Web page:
Motorcycle Gloves Buyer’s Guide

An important factor guiding glove designers when building a motorcycle glove is the protection the glove will provide for the specific task asked of it. Comfort and durability are equally important factors. All gloves are designed with these main aspects as a guide, however gloves are then further specialized to meet the needs of the motorcyclist’s riding style, additional protection requirements and prevailing weather conditions.

There are three factors buyers should consider when purchasing new motorcycle riding gloves: weather, riding style, and comfort.

Weather

Weather plays a huge role in the function of safety gear. When preparing for a ride, forecasting the weather conditions is usually part of the preparation. Finding a suitable, weather appropriate glove with just the right balance between dexterity, protection and defense against the elements can be a challenge. There are several types of motorcycle gloves with specific design features for various weather and riding conditions and they typically breakdown into four different categories:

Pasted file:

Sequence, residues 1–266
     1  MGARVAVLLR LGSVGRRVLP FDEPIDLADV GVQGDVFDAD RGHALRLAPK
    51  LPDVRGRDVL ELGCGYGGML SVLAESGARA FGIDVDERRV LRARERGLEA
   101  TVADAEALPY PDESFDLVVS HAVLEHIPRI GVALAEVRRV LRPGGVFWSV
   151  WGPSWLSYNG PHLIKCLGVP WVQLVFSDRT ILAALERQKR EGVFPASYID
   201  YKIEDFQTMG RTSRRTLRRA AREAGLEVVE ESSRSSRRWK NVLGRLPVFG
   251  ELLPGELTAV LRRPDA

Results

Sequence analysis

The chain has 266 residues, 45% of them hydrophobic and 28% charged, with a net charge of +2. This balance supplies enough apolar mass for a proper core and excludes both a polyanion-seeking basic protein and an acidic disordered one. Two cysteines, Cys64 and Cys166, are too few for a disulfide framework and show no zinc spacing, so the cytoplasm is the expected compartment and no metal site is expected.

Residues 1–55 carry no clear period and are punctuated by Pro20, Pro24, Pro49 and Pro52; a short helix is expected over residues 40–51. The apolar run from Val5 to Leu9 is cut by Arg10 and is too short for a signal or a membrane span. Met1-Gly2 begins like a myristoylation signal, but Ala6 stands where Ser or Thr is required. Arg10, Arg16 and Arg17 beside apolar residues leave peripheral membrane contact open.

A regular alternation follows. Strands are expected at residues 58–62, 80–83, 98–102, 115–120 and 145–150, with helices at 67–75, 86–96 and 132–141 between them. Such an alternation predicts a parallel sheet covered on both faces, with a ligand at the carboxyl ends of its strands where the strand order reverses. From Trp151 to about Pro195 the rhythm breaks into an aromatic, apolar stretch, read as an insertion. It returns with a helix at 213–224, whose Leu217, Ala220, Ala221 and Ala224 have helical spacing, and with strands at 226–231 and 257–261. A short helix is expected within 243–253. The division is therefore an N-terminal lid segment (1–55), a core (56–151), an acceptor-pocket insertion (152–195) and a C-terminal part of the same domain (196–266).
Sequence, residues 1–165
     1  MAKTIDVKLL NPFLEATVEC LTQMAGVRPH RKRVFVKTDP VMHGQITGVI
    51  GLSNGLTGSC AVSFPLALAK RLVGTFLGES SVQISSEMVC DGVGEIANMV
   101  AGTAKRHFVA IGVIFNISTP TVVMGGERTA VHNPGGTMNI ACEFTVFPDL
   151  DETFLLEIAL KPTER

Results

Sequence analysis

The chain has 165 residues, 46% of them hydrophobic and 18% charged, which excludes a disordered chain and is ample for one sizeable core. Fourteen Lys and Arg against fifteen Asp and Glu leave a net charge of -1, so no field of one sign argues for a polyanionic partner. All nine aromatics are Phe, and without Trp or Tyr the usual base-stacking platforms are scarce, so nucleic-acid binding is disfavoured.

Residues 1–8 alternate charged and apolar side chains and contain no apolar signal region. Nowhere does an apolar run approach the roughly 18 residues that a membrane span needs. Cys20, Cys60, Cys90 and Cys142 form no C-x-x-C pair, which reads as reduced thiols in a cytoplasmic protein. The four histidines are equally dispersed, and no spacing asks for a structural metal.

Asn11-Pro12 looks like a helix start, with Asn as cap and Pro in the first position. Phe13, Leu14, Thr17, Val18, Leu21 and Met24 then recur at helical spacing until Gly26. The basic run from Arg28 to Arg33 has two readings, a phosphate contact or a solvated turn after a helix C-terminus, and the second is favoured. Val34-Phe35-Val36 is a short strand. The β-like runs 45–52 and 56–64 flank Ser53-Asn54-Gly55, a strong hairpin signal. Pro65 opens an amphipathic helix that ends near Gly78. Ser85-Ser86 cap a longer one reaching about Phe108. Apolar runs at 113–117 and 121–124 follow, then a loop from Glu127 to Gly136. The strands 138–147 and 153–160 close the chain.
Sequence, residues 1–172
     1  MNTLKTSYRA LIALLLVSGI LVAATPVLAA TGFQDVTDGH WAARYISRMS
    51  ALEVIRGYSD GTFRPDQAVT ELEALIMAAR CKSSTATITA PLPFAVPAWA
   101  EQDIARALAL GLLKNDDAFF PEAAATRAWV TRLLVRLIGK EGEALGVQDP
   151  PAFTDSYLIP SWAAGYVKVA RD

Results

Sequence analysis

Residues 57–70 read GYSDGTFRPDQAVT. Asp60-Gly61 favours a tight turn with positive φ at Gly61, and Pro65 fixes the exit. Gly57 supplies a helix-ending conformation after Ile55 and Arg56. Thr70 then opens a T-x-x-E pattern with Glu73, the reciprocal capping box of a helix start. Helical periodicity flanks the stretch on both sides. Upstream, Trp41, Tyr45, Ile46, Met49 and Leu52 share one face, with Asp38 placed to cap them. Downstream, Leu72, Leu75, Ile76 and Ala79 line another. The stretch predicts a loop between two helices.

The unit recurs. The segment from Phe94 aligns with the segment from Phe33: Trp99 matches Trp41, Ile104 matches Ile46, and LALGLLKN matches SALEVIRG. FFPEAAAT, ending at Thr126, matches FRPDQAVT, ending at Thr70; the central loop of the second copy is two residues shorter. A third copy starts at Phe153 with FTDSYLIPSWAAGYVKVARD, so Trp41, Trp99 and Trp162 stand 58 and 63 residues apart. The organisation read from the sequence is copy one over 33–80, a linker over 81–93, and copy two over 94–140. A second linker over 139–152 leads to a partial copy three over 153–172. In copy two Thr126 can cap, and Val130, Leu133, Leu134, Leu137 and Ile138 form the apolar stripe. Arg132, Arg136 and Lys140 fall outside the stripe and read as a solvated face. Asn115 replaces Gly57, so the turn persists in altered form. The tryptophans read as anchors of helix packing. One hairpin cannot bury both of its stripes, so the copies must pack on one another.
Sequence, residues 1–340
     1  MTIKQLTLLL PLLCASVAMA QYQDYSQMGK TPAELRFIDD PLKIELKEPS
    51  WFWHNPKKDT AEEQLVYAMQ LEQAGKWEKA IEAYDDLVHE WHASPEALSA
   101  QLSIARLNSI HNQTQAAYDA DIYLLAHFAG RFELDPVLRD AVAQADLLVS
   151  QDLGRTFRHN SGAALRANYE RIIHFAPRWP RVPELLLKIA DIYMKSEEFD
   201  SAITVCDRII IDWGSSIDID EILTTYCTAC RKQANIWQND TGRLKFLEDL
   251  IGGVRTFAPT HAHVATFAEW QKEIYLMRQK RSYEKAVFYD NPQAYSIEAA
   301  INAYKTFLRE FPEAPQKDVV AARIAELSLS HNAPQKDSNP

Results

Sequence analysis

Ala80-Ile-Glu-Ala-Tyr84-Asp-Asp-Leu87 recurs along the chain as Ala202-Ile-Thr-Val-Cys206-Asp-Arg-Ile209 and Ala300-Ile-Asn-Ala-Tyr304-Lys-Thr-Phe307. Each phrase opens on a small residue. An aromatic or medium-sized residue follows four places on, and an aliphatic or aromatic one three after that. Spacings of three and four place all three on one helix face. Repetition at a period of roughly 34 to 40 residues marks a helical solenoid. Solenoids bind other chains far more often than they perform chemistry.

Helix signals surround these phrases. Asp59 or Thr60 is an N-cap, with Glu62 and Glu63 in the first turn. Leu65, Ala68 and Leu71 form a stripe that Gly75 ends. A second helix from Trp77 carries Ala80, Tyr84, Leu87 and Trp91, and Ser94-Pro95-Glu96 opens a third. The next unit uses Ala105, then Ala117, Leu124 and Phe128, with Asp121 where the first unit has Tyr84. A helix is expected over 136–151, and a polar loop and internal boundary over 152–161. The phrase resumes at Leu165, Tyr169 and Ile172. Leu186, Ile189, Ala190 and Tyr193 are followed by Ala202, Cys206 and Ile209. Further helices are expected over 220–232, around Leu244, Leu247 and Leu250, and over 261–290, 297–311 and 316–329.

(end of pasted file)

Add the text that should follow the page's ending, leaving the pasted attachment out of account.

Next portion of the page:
Firstgear TPG Cold Weather Glove

  • Extreme cold / water proof
  • Moderate cold / wind and water resistant
  • Average temperatures/ standard glove
  • Warm weather / vented breathable

Extreme cold